Quote from the book: “She wished she had cancer instead. She’d trade Alzheimer’s for cancer in a heartbeat. She felt ashamed for wishing this, and it was certainly a pointless bargaining, but she permitted the fantasy anyway. With cancer, she’d have something that she could fight. There was surgery, radiation, and chemotherapy. There was the chance that she could win.

In his not-to-be-missed film, Amour (Love in English – don’t let the foreign original title and no frill basic noun English version turn you away, this is a must see film), Austrian director and screenwriter, Michael Haneke, takes an up close and very personal look at an aging (fictive) couple, Anne and George, who are forced to confront the reality of growing old and frail when Anne suffers a stroke and George insists on caring for her. The two become confined and isolated in their Parisian apartment where they dwell amongst the shadows of their common memories and struggle with the mental and physical bonds imposed on them by the past, present and future. While paging through a family album, Anne remarks with tragic matter-of-factness, “C’est beau la vie.” (Life is beautiful – also the title of a famous French song which this guy has nailed in his version of Fabien Cahen’s song even though he needs a better camera – http://www.youtube.com/watch?v=JEeyCdRWB70). And here the lyrics and translation of C’est beau la vie.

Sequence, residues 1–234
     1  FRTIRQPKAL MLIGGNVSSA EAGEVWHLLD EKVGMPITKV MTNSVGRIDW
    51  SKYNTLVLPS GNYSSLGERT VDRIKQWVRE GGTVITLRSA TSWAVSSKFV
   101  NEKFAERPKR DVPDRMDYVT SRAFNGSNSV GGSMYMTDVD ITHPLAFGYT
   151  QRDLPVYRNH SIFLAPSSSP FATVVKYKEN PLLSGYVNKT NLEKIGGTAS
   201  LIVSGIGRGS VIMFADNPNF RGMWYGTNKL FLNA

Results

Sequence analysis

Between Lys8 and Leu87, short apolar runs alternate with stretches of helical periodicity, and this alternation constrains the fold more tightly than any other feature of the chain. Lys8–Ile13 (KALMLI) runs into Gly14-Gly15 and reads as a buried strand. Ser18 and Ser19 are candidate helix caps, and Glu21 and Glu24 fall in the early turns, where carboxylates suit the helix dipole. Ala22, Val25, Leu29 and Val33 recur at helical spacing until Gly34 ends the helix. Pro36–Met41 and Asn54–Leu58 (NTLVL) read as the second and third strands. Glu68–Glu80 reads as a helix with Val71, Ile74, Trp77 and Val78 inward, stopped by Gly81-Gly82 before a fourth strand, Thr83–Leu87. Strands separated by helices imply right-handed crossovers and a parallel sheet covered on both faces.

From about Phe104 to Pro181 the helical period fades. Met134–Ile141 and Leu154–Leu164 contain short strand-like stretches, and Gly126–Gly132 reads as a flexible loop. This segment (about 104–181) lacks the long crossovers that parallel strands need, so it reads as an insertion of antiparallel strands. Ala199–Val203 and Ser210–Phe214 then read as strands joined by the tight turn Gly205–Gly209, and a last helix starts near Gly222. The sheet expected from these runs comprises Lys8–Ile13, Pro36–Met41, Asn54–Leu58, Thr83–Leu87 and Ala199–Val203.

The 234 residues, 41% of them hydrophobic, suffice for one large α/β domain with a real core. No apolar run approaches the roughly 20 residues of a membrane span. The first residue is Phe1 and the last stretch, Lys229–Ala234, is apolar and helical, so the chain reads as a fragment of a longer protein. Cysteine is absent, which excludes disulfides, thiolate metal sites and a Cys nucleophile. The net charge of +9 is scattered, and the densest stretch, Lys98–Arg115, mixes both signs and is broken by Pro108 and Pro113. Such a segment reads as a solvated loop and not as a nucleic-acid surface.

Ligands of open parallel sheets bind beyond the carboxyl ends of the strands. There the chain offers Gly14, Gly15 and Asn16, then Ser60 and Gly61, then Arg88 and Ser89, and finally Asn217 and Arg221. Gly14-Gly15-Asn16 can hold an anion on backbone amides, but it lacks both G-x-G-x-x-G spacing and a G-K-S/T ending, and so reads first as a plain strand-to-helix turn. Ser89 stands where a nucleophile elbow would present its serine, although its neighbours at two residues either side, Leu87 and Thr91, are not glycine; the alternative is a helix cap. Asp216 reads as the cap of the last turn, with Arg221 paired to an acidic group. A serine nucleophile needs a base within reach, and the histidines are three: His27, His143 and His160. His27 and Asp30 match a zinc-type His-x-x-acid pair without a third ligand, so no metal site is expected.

BTW I can’t promise the film won’t make you teary eyed – even you supposed tough guys out there. Print This Post

The timeless in you is aware of life’s timelessness. And knows that yesterday is but today’s memory and tomorrow is today’s dream.”
Khalil Gibran, The Prophet

Information on World Alzheimer’s Day: http://www.alzinfo.org/08/alzheimers/world-alzheimers-day and the World Alzheimer’s Report.

Complete quote from Strauss‘ Die Fledermaus (translation of German by KC Blau just for you):

Flieht auch manche Illusion,
die dir einst dein Herz erfreut,
gibt der Wein dir Tröstung schon
durch Vergessenheit!
Glücklich ist, wer vergisst,
was doch nicht zu ändern ist.
Flee too many an illusion,
that once gladdened your heart,
may the wine give you comfort yet
in the power to forget!
Happy is he, who can forget,
What cannot be changed

Did you know taking pictures might impair your memory? So live life, don’t just document it.